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The Development and Evaluation of Online Smoking Cessation Services: A Narrative Literature Review

  • Lewis Keane (a1), Caroline Anderson (a2), Donna Perez (a2) and Becky Freeman (a1)

Abstract

Introduction: The use of quitlines for smoking cessation has contracted, with service providers adapting through the development of comprehensive interactive online smoking cessation services. The primary aim of this review is to investigate the continuum of online cessation services, innovations in design and service components, measures used in formative, process and outcome evaluations, as well as evidence of effectiveness.

Methods: This review includes the peer-reviewed literature, scholarly articles and the grey literature material. Databases searched included: PubMed, Google Scholar, SCOPUS and the Cochrane Collaboration.

Results/findings: 56 academic journal articles and the 5 grey literature reports met the inclusion criteria for this review. Developmental stages of online/combination services included: static websites, tailored feedback, email and text services, interactive components, social media, pharmacological offers; as well as social and professional support mechanisms. Innovations in online smoking cessation include: chat rooms, new recruitment strategies, mobile apps, service tailoring and messaging support groups. Online cessation services were significantly cheaper and more popular than quitlines; however, abstinence rates appear higher amongst quitline users.

Conclusions: Three likely catalysts for the shift from quitlines to online services are the rapid development of technology, increased internet access and the general movement of the goods and services sector to digital channels. The challenge for online cessation service providers is to leverage their comparative cost advantage and develop strategies that keep pace, engage users and increase service effectiveness.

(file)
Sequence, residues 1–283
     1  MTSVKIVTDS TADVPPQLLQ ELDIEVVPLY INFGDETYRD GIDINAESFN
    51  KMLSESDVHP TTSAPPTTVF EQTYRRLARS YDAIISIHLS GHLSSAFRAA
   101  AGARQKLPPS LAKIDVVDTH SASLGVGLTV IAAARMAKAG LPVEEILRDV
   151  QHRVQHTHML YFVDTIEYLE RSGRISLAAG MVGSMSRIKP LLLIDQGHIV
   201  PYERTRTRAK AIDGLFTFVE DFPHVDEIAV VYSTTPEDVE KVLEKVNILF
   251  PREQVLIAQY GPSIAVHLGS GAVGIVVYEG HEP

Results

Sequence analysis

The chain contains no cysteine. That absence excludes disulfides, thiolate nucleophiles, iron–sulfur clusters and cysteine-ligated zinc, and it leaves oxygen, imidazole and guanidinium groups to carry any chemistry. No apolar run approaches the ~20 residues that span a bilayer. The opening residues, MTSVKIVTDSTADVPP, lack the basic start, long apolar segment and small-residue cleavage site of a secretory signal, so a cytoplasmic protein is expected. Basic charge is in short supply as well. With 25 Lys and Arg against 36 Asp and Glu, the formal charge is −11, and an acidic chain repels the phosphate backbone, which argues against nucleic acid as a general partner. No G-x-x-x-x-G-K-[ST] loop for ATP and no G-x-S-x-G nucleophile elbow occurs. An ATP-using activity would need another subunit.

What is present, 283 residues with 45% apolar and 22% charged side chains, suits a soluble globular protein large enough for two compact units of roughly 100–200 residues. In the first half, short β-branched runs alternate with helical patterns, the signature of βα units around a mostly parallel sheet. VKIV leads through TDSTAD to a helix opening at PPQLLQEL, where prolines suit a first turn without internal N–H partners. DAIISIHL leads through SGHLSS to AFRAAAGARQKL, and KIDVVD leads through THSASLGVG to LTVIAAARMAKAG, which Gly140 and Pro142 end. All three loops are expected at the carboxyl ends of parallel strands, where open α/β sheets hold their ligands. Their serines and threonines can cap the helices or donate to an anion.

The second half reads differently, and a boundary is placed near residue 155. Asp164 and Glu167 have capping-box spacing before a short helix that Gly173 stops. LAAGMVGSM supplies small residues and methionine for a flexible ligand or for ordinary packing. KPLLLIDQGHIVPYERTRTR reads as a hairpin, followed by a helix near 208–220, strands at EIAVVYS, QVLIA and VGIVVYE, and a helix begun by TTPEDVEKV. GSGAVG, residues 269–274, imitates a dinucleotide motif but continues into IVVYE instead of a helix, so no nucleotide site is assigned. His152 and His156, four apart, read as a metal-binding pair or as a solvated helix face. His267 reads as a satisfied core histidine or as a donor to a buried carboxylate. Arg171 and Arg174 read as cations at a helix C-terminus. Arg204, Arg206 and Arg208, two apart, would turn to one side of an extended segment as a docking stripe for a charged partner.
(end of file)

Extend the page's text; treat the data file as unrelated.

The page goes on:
Implications: Our paper synthesises a wide-range of the literature that evaluates the effectiveness and scope of online smoking cessation programs. Through applying this literature to the stages of evaluation framework, we also provide one of the first detailed roadmaps towards developing comprehensive evaluation methodology for online smoking cessation services.

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Copyright

Corresponding author

Address for correspondence: Lewis Keane, Level 6, The Hub – Charles Perkins Centre (D17) – The University of Sydney, NSW 2006, Australia. Email: lewis.keane@sydney.edu.au

References

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The Development and Evaluation of Online Smoking Cessation Services: A Narrative Literature Review

  • Lewis Keane (a1), Caroline Anderson (a2), Donna Perez (a2) and Becky Freeman (a1)

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